SG: Not so much. Professionally and in the adult industry I’m a no bullshit person. I think only once in my career have I had someone say, “Oh, yeah, I hired you to do this.” I said, “No you didn’t. I’m calling my agent because that was not discussed.” That’s only happened once. Generally, I think that women, and not just in adult films and not just in this business, but women are afraid to stand up for themselves. I had a great grandfather who always said, “Don’t let anyone push you around or tell you no just because you’re a girl.” So I’ve lived by that, whether it be professionally speaking or personally. But as far as outside of shooting adult films, just in everyday life, if it’s a fan or something like that — I have a really cool fanbase. My fans respect me. I have fans that don’t even watch porn. So I think I’ve been able to kind of humanize myself. It was almost a happy accident in the way that I did that just because of technology and social networking and being able to communicate with the fans on a more personal level that wasn’t available to adult stars ten years ago.

Steven called you a different breed of cat, in terms of your goals and ambitions. Do you feel you’re distinct from the community?

SG: Sometimes, yeah. I wouldn’t classify that as just the adult film business. I would classify it as my generation because we want instant gratification. We don’t want to work hard and we want to give up too soon. I wouldn’t want to place that solely on the adult film business because it’d be wrong to say that that stereotype only caters to us. You look around and you see people succeed and you see people fail and I’m just a hard worker. I want to be able to have that beach house in Hawaii and travel the world, the cliché of living in Europe and dining in France. I want to be able to do those things.

When did the light bulb go on that you were going to be in this business, the adult business and then traditional acting?

SG: I was 17 and had already graduated high school. I was going to college. I was working and going to school seven days a week. I was watching a lot of adult films, and to put it simply, I saw a blank canvas that needed to be painted. I saw an industry that needed change and I was aware that I wanted to continue exploring my sexuality in a safe environment. And I didn’t have any false pretenses or hopes because I went into it and I said, “I’m ready to be a commodity that fulfills everyone’s fantasies.” I meant that. Now, three years later I’m turning that into benefiting me solely because no matter what business you’re in, you have to start at the bottom and work your way up and pay your dues — unless you know somebody or you’re born into money. So, for me it’s always been about challenging the stereotypes that exist out there and exploring my sexuality and encouraging men and women to be unabashed about theirs.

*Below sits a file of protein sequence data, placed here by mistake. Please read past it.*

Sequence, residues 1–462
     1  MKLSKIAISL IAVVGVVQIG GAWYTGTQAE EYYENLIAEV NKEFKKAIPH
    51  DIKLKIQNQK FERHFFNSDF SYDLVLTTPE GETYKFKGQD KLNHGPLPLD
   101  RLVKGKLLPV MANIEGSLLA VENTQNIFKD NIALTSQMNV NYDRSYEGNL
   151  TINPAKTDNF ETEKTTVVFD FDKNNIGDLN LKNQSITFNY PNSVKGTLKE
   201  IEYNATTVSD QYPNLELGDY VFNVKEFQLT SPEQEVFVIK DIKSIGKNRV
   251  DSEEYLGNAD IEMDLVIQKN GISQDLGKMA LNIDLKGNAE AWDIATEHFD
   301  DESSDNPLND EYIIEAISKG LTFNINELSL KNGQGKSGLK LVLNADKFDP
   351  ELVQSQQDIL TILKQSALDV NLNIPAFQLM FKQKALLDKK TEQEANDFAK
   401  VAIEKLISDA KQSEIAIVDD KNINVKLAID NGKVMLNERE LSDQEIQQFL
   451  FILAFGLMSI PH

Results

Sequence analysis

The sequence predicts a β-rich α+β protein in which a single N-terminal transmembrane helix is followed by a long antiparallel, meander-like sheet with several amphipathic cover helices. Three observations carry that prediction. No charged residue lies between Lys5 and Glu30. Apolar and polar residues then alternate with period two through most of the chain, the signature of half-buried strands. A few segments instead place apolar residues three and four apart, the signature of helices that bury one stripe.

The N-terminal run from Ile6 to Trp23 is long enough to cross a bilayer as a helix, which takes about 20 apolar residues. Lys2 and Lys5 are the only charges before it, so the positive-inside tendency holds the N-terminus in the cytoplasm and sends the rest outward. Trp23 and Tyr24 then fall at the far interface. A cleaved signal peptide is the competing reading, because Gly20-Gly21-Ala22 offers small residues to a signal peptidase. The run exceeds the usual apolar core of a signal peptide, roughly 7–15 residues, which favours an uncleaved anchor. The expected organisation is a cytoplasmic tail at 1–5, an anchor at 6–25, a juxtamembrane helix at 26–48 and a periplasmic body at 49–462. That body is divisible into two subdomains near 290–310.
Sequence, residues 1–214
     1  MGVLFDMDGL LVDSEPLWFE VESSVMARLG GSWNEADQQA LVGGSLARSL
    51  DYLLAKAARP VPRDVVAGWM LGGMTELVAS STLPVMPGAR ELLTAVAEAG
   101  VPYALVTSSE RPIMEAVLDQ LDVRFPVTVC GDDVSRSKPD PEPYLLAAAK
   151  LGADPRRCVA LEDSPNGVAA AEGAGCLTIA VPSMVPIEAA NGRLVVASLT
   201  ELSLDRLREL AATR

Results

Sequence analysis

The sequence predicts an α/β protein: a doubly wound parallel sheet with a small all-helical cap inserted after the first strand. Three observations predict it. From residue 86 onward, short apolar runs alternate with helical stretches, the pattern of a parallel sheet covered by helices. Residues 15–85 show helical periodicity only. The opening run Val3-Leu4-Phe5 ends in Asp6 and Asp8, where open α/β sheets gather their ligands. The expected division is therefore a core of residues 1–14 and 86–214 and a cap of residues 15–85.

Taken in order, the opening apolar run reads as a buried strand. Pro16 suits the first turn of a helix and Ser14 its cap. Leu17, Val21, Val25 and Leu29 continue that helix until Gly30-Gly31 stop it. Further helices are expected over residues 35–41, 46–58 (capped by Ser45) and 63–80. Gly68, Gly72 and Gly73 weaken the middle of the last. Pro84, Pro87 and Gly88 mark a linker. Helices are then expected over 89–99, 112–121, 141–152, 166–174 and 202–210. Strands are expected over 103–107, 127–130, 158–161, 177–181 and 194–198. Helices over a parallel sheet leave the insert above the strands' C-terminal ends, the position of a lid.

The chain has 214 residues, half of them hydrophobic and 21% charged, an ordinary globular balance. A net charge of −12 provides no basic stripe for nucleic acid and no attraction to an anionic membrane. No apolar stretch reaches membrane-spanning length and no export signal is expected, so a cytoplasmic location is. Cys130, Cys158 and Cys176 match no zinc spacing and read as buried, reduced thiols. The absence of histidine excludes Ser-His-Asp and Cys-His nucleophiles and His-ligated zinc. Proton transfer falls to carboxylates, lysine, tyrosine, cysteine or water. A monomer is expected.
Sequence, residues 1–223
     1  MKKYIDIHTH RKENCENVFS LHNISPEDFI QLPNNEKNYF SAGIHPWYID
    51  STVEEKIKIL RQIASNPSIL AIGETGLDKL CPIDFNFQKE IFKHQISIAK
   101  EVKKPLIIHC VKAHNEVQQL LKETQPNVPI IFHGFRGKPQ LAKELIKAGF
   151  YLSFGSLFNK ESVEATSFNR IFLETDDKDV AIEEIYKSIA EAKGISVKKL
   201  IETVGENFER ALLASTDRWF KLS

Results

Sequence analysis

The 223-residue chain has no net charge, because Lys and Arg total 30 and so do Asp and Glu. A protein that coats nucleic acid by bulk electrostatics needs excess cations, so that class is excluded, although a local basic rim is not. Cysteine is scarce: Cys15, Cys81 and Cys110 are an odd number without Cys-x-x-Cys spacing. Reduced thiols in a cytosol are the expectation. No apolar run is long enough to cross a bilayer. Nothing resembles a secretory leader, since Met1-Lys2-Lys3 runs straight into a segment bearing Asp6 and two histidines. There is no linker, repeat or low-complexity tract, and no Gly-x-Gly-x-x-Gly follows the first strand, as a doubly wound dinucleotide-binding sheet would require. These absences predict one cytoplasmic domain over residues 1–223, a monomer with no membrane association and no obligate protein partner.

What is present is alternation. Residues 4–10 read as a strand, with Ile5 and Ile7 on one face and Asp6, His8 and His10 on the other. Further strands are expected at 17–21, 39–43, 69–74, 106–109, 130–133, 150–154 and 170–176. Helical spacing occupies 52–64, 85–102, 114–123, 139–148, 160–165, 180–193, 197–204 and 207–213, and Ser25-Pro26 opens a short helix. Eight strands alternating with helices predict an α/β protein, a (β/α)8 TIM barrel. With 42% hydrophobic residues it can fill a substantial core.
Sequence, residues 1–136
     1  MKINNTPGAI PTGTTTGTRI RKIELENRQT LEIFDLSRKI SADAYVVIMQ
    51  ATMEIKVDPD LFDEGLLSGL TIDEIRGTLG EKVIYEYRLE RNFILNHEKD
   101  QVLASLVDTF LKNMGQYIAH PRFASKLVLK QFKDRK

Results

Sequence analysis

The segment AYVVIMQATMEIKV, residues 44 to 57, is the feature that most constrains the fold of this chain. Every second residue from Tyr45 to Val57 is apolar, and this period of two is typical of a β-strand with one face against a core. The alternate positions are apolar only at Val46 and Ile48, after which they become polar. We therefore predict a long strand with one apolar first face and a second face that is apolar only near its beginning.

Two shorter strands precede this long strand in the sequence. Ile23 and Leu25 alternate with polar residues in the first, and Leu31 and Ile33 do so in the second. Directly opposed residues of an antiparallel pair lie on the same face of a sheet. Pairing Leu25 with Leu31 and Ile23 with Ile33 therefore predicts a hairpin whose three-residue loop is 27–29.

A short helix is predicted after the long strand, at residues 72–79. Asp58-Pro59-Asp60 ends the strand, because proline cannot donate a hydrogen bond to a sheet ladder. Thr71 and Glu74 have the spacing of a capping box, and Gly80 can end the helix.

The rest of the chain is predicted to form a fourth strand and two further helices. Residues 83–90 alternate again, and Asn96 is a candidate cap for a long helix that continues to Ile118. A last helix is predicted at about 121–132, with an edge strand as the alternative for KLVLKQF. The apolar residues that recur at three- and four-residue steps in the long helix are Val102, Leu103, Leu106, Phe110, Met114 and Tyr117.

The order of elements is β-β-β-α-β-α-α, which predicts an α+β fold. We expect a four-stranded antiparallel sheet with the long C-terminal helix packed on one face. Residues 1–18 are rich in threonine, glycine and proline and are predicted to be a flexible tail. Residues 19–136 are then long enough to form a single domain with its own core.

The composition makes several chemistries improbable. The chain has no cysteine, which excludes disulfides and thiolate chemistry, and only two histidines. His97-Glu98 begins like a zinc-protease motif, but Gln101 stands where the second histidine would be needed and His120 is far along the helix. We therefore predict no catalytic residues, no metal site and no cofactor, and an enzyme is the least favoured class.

Do you have people from the adult community who you want to work with on your own films? You’ve done things with Hilary Scott. Would she be one?

SG: Maybe in a sexual context. She’s pretty hardcore. I don’t know if she’d be on the same plane with me on the creative side of things. I could be wrong. I don’t know. I don’t sit and talk to her on the phone, but as far as everyone else, I think the people that I would like to work with are exclusive, that being directors mainly. I’m really into the idea of collaborating in the true sense; co-directing something with someone else where you feel like you share the same ideals when it comes to adult films.

Do you have the right of refusal to work with certain actors, maybe someone that’s a jerk that you just don’t want to work with?

SG: Yeah, definitely, whether it’s just because you don’t like them or they have bad hygiene or they can’t perform. Unfortunately it’s a really small business, too. It’s a small talent pool. If you don’t have the biggest name in the industry or one of the biggest names in the industry, it’s kind of harder to say, “No, no, no.” You won’t get much work and that’s what most people are concerned about. Like, if I say that I won’t work with twenty guys then I’m not going to work as much because those guys are used a lot. Fortunately being one of the most recognizable adult stars in the industry, that is one of the perks — being able to say, “Not going to happen.” Usually you’re saying, “This is who I want to work with,” and you go down a list of names.

Do you have a theory of why you moved so far so fast in the industry, and here you are in a mainstream movie and so even more people know who you are? A lot of people toil anonymously in this.

SG: I’ve been a pretty open book. I make no bones about it. I think it’s just really hard to understand that an 18-year-old woman wants to do porn — and for all the reasons that I wanted to do it really. I think that people were just so shocked. Then you have the media wanting to twist it into their own story. I had a lot of that weird manipulation from, the media for the first three months that I was in the business. I was also at the same time an 18-year-old girl who ain’t bad looking and does all this crazy stuff. That’s pretty rare. I think it was all those things coupled together that made a big impact.